Allen Iverson no longer is the answer.
He's become a question in the wake of questionable comments and an attitude that hasn't exactly endeared him to NBA teams, let alone his current team in Detroit.
A free agent this coming summer, it's anyone's guess where the former league MVP and leading scorer will end up next season.
All that is known is that Iverson will earn nowhere near the $29.9 million US stipend he's receiving this season, making him the second-highest overpaid player in the NBA behind Kevin Garnett.
Much like Shawn Marion, who is also a pending free agent, Iverson may well have to settle for the league's mid-level exception of roughly $5.6 million.
The Pistons knew what they were getting when they traded Chauncey Billups to Denver for A.I. in what clearly has turned into a salary dump.
If, as expected, the Pistons part ways with Iverson and Rasheed Wallace, another veteran whose salary comes off the books this summer, the team will have all kinds of flexibility.
When Iverson came out of Georgetown as an underclassman back in 1996, then-Raptors GM Isiah Thomas wanted to take the explosive guard.
If you recall, the Raptors won the lottery that season, but the league's ridiculously short-sighted expansion rules prevented Toronto from selecting first overall. The team was given the second overall pick and chose Marcus Camby.
Word was Iverson had no intention of playing in Toronto, where Thomas wanted to put him in a backcourt with Damon Stoudamire.
Not that Iverson is the kind of player current Raptors GM Bryan Colangelo covets, but his edge and ability to break down defenders are attributes sorely lacking in Hogtown.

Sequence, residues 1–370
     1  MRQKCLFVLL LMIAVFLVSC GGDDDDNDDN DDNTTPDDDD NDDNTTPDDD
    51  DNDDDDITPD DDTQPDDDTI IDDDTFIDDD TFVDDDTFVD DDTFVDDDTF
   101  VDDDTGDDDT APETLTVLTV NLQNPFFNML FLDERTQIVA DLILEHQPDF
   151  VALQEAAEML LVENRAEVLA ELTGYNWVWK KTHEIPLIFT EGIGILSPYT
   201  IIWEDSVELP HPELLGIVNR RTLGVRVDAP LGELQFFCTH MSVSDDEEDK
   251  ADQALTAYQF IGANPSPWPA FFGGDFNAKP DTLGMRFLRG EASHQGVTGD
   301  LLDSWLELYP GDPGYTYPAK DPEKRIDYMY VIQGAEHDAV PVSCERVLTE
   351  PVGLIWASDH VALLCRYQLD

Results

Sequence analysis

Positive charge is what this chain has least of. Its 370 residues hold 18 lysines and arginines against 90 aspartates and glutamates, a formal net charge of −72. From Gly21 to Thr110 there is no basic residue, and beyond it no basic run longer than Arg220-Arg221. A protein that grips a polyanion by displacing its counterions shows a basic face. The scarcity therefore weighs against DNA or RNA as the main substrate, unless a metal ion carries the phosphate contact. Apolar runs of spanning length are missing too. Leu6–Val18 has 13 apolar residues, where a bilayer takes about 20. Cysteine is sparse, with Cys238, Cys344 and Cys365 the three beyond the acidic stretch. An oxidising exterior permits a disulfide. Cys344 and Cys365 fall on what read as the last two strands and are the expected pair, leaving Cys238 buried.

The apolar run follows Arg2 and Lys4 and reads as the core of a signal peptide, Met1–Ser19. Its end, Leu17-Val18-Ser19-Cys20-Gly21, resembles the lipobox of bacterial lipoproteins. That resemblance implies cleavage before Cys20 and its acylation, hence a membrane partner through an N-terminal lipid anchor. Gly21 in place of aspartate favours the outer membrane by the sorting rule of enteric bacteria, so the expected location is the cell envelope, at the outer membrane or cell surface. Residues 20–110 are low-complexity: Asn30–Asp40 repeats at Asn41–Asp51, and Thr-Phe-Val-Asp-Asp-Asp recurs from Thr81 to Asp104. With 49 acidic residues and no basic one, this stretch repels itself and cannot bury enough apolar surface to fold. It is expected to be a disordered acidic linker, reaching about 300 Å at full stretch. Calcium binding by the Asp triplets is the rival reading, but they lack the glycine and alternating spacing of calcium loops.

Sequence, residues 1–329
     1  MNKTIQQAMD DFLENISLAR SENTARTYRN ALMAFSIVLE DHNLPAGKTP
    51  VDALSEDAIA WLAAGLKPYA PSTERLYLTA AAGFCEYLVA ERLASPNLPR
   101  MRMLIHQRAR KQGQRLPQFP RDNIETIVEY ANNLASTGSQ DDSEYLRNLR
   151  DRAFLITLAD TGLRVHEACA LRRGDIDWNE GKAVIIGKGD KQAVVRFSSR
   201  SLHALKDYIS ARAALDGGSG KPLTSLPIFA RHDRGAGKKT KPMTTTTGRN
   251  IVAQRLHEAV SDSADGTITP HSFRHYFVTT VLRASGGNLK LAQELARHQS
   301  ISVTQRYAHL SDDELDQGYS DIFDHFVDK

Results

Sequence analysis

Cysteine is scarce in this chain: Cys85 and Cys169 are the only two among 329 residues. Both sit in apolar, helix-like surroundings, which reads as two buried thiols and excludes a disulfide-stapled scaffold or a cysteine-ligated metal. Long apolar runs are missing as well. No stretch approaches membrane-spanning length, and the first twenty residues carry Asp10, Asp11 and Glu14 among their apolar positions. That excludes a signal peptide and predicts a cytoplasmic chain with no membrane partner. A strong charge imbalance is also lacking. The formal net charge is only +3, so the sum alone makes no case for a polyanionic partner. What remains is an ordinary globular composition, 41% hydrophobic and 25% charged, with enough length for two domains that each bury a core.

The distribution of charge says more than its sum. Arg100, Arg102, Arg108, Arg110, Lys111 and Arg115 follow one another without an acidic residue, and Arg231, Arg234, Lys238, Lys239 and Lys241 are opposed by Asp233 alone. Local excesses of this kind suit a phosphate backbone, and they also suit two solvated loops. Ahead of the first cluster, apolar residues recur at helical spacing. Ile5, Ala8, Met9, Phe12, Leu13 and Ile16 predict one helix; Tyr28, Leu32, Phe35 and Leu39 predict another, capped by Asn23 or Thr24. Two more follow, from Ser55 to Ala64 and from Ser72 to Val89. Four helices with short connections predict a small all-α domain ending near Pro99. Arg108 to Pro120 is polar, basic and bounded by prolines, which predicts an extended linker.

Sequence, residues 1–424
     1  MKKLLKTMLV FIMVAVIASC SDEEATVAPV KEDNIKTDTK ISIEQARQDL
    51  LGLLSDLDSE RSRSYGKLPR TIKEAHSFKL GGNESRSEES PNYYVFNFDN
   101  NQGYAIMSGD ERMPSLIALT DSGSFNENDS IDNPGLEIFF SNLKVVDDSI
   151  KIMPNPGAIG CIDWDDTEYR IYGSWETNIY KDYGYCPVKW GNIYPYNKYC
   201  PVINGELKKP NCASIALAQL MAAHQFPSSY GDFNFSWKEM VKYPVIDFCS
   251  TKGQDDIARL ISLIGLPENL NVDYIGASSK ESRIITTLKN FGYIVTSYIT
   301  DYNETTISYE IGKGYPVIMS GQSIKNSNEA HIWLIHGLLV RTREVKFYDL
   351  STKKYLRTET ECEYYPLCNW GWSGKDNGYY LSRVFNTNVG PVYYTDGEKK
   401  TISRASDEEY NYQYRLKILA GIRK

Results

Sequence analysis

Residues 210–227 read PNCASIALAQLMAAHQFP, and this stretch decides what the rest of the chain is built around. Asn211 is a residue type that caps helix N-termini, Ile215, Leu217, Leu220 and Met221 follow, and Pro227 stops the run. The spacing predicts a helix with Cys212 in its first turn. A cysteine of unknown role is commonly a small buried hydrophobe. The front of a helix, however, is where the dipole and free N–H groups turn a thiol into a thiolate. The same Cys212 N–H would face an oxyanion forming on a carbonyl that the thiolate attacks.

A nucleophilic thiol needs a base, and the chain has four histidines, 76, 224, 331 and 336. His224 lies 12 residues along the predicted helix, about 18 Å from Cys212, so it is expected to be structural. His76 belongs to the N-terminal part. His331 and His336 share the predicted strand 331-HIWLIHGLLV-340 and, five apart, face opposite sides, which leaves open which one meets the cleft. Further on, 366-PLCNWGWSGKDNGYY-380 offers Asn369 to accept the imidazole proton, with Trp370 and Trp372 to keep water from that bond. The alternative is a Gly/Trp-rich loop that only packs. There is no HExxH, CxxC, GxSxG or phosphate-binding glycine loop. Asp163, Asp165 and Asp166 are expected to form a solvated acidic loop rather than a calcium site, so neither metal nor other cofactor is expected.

One now has to wonder, though, why any team would take a flyer on Iverson, who still is quick, but not quick enough to outrun the baggage he continues to pile upon himself.
Following a loss to the host Cleveland Cavaliers on Tuesday, Iverson groused about his playing time (he played 18 minutes) and questioned why the Pistons had the audacity to "rush him back'' from a back injury.
Iverson's rants over the years have become as famous, or depending on one's perspective, infamous, as his cross-over dribble and toughness.
"He probably would've complained after the first game (when he played 21 minutes) had we lost," rookie Pistons head coach Michael Curry said.
The Pistons are a better team without Iverson, who can't accept his new-found role as a backup.
After playing 17 minutes in New Jersey on Wednesday, Iverson said he's prepared to pack it in if he's not a starter next season.
"I'd rather retire before I do this again,'' he said. "I can't be effective playing this way. I'm not used to it."
The sad truth to Iverson is that he'll one day be referred to as a hall of famer.
A guy that size who plays big and is so mentally and physically tough just doesn't get it.
He can't win on his own and his me-first mentality is front and centre in Detroit.
The answer, it turns out, lies within.